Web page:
“Blend them together you’d have the perfect candidate,” Gambill said. “I think Newt is much more charismatic. Romney seems unable to close the deal. His charisma is lacking.”
Gambill said he thinks Romney will win the GOP nomination.
He said his biggest issue is the economy. He said the country is taking on too much debt while over-regulating businesses and banks and providing welfare for too many people who have become dependent on the government for help.
“I believe the current administration are looters, wanting to take away from most productive members of society and give to the least,” Gambill said. “In general, we’re becoming more and more socialistic and less and less entrepreneurial.”
Tammara Butler says she’s not a one-issue voter and cares as much about issues like the economy, jobs and gas prices as she does about where candidates stand on abortion.
“I’m a woman, and I’m tired of men making those decisions,” said Butler, who ran a chiropractic business during the 1990s before becoming a homemaker. “I’m tired of the dirty politics. I just want the facts.”
Butler, who grew up a Navy brat and lives in Macon, said she voted for Gingrich, whom she says has the plans and experience to beat President Barack Obama.
“I feel like he’s been in government before and knows how to work with the various players,” Butler said. “He understands international policy. With everything that has gone down the last four years, we need someone who can help America get our pride and our dignity back. The world doesn’t take us seriously anymore.”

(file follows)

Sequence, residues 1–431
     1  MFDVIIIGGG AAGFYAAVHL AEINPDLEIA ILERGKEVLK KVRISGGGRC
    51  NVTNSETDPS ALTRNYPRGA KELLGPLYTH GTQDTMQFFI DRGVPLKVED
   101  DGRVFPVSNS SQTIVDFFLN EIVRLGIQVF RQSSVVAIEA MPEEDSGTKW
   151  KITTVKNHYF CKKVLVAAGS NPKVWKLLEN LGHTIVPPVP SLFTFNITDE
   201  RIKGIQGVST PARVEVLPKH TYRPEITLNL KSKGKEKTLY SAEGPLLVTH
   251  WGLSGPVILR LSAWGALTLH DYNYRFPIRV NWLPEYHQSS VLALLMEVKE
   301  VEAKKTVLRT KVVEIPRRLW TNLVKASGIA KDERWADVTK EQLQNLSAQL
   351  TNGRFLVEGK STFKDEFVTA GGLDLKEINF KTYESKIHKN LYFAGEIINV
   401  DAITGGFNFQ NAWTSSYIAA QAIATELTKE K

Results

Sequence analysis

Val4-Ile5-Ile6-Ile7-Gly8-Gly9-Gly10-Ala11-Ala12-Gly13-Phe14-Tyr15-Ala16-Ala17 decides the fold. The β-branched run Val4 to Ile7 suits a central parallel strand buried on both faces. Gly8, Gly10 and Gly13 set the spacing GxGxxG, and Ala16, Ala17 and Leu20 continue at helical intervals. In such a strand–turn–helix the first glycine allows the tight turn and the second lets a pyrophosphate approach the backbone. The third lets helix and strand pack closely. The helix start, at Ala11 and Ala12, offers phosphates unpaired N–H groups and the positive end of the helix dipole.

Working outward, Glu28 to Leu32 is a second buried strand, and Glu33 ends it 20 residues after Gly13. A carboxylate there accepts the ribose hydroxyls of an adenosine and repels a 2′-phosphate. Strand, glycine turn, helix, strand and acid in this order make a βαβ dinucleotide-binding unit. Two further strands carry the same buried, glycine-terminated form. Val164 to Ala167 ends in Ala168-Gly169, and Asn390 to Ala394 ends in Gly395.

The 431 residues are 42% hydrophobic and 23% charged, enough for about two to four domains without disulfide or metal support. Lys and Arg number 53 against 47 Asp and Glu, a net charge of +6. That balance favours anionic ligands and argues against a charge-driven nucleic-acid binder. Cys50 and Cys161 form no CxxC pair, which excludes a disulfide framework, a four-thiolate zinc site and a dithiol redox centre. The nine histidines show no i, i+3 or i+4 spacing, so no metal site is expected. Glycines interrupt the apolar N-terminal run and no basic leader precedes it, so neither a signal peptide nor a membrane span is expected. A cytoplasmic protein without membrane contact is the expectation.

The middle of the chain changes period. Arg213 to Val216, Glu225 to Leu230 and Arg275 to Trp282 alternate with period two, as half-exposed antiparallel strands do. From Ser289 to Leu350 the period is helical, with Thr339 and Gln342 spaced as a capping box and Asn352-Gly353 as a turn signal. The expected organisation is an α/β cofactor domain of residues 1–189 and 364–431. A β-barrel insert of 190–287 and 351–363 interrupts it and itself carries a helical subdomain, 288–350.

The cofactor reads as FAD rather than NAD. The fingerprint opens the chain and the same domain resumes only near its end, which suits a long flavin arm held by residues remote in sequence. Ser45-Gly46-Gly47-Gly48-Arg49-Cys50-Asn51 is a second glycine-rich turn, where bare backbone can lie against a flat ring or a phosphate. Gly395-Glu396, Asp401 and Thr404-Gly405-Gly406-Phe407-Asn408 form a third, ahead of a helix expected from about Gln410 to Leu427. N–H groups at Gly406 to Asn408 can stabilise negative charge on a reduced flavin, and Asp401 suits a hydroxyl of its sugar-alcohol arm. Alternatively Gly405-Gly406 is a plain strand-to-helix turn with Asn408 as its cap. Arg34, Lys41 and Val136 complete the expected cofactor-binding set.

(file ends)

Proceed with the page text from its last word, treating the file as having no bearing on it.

Butler said she wants to see more of a focus on the issues, and less attention paid to candidates’ personal lives. For her, Gingrich’s infidelities are old news.
“I know he has a past, but who amongst us doesn’t?” Butler said. “Let he who is without a past cast the first stone. I think that the media isn’t telling all sides of the story for all parties. They’re bringing up things from everybody’s past instead of the issues that are most important to Americans.”
Robert Buckner, 37, backed GOP contender Herman Cain, also from Georgia, before the former Godfather’s Pizza CEO dropped out of the race in December. Cain quickly threw his support behind Gingrich, and Buckner said that was enough for him to cast his ballot for the former House speaker.
Buckner, a property manager for the Marietta Housing Authority, said he likes Gingrich’s stance on immigration and believes he will help turn around the nation’s economy. But he said Gingrich doesn’t have the “silver tongue” of Romney.
“Newt is not going to conform, and I admire that whether he wins or loses — somebody who sticks to their guns,” said Buckner, who grew up in Marietta and said he never wants to live anywhere else.
But he admitted he’s disappointed with the GOP candidates this year.
“I would hope that the strength of the candidates would be a lot more,” said Buckner. “If we could take Newt and Mitt Romney and put them together, put Romney’s tongue in Newt’s mouth, we’d be great.
Associated Press writers Dorie Turner in Marietta, Errin Haines in Atlanta and Ray Henry in Atlanta contributed to this report.